Crappy Childhood Fairy's Story of Healing Emotional Dysregulation After Growing Up in Abuse

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Has childhood abuse, neglect, or trauma impacted you? Today’s guest, Anna Runkle, aka Crappy Childhood Fairy, is here to talk about how growing up in an abusive home led to difficulty regulating emotions and relationships and how she learned to practice healthy emotional regulation through her life journey.
Emotional dysregulation often happens after CPTSD because the brain develops adaptive strategies to living in an abusive home- strategies like cutting people off, denial, and blowing up – that work in the short term in a toxic environment. But these strategies don’t work when you’re trying to live a healthy and stable life.
Anna teaches how you can learn to regulate your brain and your emotions thought a simple daily practice of grounding and writing. Childhood abuse or neglect doesn’t have to define you, and Anna will show you how.

Check out Anna’s channel here:
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Therapy in a Nutshell and the information provided by Emma McAdam are solely intended for informational and entertainment purposes and are not a substitute for advice, diagnosis, or treatment regarding medical or mental health conditions. Although Emma McAdam is a licensed marriage and family therapist, the views expressed on this site or any related content should not be taken for medical or psychiatric advice. Always consult your physician before making any decisions related to your physical or mental health.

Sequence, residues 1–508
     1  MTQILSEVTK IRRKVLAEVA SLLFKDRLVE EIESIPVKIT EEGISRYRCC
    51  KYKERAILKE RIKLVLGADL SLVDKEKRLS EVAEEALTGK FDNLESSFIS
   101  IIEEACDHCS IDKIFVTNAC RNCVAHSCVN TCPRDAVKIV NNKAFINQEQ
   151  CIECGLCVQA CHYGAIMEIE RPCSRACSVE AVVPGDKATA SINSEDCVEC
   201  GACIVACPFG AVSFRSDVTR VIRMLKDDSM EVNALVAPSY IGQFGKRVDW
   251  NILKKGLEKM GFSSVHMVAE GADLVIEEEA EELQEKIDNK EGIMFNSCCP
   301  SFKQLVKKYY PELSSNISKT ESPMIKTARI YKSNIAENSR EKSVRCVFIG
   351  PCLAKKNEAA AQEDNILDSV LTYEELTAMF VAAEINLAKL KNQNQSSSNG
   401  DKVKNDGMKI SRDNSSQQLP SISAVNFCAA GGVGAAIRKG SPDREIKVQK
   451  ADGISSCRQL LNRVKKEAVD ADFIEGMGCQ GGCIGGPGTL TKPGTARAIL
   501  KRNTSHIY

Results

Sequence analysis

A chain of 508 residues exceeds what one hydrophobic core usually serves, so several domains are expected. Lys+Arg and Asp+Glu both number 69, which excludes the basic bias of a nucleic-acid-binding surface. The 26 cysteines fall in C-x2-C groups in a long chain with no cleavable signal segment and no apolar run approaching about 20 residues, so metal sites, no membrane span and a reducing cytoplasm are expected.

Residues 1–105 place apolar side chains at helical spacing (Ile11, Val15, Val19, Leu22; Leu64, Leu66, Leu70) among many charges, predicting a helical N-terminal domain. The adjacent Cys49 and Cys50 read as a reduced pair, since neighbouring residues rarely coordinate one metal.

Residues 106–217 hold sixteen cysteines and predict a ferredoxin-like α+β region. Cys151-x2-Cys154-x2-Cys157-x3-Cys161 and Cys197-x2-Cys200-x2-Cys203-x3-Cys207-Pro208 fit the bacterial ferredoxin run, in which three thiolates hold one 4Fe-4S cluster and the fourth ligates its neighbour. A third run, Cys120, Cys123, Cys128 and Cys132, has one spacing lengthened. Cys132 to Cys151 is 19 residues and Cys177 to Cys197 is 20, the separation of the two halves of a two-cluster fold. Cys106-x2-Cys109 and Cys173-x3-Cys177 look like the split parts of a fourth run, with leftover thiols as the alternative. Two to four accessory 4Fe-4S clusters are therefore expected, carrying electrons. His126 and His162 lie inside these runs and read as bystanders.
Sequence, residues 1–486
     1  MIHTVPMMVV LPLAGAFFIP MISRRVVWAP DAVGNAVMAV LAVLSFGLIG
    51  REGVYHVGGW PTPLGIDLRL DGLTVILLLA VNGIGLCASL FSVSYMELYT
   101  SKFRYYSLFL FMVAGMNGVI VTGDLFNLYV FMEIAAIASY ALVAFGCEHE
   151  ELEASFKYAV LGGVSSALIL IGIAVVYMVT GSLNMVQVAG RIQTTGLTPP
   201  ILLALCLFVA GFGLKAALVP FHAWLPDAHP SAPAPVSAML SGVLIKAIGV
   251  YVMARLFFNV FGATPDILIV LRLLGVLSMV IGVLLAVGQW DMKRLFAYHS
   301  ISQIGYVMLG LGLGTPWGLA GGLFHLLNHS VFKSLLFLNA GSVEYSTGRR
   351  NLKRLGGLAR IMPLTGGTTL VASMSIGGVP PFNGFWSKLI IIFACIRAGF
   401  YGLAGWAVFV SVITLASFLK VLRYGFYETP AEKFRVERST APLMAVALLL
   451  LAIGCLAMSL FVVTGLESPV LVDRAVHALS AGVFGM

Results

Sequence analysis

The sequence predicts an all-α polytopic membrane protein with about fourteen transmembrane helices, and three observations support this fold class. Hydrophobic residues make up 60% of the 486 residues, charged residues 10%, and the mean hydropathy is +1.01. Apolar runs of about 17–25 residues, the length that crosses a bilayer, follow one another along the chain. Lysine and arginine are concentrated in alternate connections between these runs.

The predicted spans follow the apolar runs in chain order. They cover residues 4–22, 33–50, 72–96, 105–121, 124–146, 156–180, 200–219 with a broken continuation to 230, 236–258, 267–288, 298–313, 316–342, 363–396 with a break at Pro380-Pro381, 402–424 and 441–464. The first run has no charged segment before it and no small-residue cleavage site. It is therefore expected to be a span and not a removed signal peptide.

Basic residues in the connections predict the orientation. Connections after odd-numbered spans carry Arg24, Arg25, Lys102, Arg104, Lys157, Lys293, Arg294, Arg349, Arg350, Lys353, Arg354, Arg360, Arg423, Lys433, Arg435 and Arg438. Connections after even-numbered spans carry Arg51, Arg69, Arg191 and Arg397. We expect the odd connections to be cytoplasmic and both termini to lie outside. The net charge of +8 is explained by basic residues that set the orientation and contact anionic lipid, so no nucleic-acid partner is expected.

In therapy I use a combination of Acceptance and Commitment Therapy, Systems Theory, positive psychology, and a bio-psycho-social approach to treating mental illness and other challenges we all face in life. The ideas from my videos are frequently adapted from multiple sources. Many of them come from Acceptance and Commitment Therapy, especially the work of Steven Hayes, Jason Luoma, and Russ Harris. The sections on stress and the mind-body connection derive from the work of Stephen Porges (the Polyvagal theory), Peter Levine (Somatic Experiencing) Francine Shapiro (EMDR), and Bessel Van Der Kolk. I also rely heavily on the work of the Arbinger institute for my overall understanding of our ability to choose our life’s direction.
And deeper than all of that, the Gospel of Jesus Christ orients my personal worldview and sense of security, peace, hope, and love

If you are in crisis, please contact the National Suicide Prevention Hotline at or 1-800-273-TALK (8255) or your local emergency services.
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Bob B. says: